Twenty-one years ago, Western powers led by the US started to engage in Afghanistan militarily and politically to reform the country according to "Westernised" ideals. After the Bonn Agreement, two realities were created: whereas on the one hand Afghan society received aid from third countries which were actively working on the ground, on the other hand, the Taliban formed a parallel structure that matured over the years and eventually ended up regaining control of the country. Whilst one could think that systematic errors were the result of inefficiencies perpetrated over time, they were already present from the beginning and grew larger. In fact, the failure of nation-building started much earlier than the summer of 2021. As for the EU, it has never been the protagonist behind the short-lived democratisation of Afghanistan, but it targeted the country mainly with humanitarian missions. To understand the reasons why these missions were not successful and how they fostered a sequence of miscalculations and mistakes that developed either inside the Union or as a consequence of exogenous hurdles, it is fundamental to learn the social, ethnic, religious, geographical, and political context of Afghanistan.
On the 15th of September 2021, during the annual State of the Union speech in front of the European Parliament (EP) in Strasbourg, the European Commission (EC) President Ursula von der Leyen commented on the recent events in Afghanistan, which culminated in the toppling of the Presidency of Ashraf Ghani after the conquest of Kabul by the Taliban. The crisis was exacerbated by the end of the Western military missions in the country, Operation Freedom’s Sentinel (the U.S. mission which replaced the previous Operation Enduring Freedom in 2015) and the NATO-led multinational Resolute Support Mission, which had operated in Afghanistan since 2015 as the successor of the International Security Assistance Force.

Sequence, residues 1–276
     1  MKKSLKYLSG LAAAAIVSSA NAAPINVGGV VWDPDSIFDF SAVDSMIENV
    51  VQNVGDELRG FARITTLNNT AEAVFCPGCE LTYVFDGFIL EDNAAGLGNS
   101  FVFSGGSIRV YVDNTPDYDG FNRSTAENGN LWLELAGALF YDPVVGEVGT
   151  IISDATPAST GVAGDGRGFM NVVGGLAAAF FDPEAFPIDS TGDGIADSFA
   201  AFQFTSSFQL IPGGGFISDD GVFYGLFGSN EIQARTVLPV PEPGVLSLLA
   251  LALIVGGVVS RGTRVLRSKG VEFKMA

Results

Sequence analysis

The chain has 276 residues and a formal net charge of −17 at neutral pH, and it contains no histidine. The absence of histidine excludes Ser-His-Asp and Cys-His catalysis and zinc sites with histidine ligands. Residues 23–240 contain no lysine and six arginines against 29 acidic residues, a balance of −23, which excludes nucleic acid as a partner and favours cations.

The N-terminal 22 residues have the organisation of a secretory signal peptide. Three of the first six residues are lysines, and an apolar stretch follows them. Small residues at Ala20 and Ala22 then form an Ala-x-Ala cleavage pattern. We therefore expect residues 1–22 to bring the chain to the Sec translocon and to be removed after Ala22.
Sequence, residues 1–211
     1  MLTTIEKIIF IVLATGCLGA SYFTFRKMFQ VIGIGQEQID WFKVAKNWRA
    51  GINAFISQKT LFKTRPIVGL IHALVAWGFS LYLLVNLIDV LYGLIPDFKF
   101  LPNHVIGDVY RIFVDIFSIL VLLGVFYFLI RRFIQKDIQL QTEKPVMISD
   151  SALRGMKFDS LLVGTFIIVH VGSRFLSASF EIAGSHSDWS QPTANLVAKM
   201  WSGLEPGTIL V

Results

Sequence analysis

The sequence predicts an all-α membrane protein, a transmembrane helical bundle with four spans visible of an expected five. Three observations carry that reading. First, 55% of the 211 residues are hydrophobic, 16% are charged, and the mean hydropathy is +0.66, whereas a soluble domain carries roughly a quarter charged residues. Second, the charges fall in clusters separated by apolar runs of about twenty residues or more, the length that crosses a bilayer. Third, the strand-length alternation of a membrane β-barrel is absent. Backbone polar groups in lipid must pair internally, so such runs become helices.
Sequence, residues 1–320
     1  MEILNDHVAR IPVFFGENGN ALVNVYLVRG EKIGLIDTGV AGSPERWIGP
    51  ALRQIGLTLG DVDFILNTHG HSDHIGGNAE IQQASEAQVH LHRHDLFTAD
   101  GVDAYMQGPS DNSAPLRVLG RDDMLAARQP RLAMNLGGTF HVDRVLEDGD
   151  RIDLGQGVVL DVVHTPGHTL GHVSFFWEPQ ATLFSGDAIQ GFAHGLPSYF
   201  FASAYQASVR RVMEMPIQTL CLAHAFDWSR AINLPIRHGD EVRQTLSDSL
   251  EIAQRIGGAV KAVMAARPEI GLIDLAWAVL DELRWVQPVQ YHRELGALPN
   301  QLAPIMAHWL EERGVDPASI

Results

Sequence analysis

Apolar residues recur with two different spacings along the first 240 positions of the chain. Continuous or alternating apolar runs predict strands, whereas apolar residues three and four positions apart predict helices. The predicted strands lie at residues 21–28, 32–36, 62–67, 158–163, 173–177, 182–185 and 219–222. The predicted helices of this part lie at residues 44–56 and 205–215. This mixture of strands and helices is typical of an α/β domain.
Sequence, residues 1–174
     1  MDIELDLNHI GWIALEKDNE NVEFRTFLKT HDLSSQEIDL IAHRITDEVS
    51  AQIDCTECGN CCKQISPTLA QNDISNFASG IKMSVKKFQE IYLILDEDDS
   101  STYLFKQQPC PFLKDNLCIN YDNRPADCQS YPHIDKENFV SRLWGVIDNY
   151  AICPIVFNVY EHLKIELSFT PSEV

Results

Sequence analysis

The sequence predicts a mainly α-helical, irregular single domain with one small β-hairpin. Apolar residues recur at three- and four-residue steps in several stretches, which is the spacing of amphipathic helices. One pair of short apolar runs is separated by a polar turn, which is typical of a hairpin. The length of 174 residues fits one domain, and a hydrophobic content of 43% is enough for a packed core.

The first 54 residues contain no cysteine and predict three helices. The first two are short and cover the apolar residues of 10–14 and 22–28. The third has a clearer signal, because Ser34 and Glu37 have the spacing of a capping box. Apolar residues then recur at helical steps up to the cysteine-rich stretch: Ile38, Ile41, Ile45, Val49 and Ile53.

Since 1959, the German Army had its troops deployed to more than fifty countries, following the most extended deployment in Afghanistan in the International Security Assistance Force (ISAF) mission since 2002. German soldiers have a long and outstanding history of operating under diffi-cult and dangerous conditions. The stress that soldiers initially experience is categorised as traumat-ic stress, derived from battle exposure in hostile environments, where land forces get injured or killed in all likelihood. Key characteristics of Afghanistan’s security architecture are the multiple security challenges emanating from the weak and unstable government that fuelled the political con-flicts in hostile environments, which are seen as hotbeds for terrorists.